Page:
Sea of obvio
Imagine for a moment that a distant family member, one of those self-important self-made types, forgets old ties of blood and fellowship and berates his kith and kin for two years, lords his wealth and makes a big deal about all the parties he paid for. There is hardly a need for an in-depth study to establish that the aforementioned pomposity would lead to being severely disliked. Yet, Pew Research Centre insisted on conducting a survey across 25 countries to tell the world that the United States’ popularity, globally and amongst its allies, has steadily diminished during the Donald Trump presidency. As the teenagers are fond of saying — obvio.
The penchant for researching, reporting and stating the obvious has infected newsrooms, political speeches and even scientific research. The simple explanation for this tremendous waste of resources is that confirming what people know, not challenging them, is an easy (and perhaps lazy) way to stay relevant. Hence, “pollution levels go up during Diwali” surprises no one, but the details interest most people. Then there is actual scientific research undertaken, in the 21st century, to prove that “alcohol reduces reaction times during driving” and that “making exercise fun encourages fitness”.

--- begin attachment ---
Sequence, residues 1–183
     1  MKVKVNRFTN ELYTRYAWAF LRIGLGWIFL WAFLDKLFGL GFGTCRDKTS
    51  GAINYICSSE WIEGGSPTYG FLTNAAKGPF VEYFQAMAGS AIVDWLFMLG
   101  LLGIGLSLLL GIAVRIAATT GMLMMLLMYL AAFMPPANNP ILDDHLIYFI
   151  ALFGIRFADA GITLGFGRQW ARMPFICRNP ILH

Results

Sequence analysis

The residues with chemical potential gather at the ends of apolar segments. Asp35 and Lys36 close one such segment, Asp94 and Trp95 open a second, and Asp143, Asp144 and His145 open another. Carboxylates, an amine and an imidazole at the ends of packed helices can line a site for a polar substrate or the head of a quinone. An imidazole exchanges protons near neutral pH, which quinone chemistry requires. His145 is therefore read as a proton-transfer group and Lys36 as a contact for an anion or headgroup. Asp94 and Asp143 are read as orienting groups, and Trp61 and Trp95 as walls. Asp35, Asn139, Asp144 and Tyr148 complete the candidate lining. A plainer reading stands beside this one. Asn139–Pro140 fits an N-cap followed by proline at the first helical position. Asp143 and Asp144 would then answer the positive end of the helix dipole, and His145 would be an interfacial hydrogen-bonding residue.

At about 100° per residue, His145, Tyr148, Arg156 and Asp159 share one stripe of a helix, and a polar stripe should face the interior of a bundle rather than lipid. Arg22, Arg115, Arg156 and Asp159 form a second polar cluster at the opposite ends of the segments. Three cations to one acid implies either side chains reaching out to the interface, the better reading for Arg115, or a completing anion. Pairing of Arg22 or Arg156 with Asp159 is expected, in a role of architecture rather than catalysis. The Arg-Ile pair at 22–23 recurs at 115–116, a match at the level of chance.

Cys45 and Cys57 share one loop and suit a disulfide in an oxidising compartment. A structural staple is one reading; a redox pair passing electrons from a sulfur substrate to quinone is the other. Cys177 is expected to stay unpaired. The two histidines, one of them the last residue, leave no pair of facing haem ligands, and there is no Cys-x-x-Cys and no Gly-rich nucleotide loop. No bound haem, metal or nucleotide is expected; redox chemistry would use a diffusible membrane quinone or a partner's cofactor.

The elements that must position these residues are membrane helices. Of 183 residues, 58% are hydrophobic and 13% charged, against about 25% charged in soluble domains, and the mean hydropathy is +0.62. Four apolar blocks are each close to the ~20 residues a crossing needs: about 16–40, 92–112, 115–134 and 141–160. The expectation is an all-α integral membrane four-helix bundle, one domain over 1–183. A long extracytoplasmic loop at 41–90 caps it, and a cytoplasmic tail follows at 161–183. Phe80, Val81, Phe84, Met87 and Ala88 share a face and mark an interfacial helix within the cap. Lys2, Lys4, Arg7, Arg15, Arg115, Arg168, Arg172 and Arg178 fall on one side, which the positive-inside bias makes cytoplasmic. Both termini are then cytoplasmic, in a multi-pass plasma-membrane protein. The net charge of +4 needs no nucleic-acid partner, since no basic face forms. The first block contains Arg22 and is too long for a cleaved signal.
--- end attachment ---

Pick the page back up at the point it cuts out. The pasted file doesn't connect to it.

What is so wrong with “duh” science, as it is colloquially referred to, some may ask. After all, the algorithms of social media giants do much the same thing, as does every form of advertisement — give the people what they want and more of what they agree with. And isn’t it important to confirm and repeat what people know? Don’t we all conduct experiments long since proven in school? After all, poetic licence allows for repetition, and isn’t journalism just literature in a hurry? Unfortunately, for their practitioners, the principles of news and science differ from those of the peddler and the textbook writer. Being informative and generating novelty falls on them, no matter how tough the task. Besides, there is another term to describe the sea of obvious fact presented as new discovery. Boring.